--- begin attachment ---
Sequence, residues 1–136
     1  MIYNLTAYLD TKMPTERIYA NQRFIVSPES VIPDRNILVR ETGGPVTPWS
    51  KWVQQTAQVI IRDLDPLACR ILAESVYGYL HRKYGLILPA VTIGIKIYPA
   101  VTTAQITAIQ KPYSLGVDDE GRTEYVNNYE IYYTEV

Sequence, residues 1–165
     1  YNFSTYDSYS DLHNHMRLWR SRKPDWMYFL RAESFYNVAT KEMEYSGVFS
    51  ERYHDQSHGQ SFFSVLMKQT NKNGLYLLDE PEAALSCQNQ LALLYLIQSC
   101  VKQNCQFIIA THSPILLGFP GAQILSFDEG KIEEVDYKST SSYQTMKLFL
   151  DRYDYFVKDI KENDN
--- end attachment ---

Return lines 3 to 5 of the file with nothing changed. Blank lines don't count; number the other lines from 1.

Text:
    51  KWVQQTAQVI IRDLDPLACR ILAESVYGYL HRKYGLILPA VTIGIKIYPA
   101  VTTAQITAIQ KPYSLGVDDE GRTEYVNNYE IYYTEV

Sequence, residues 1–165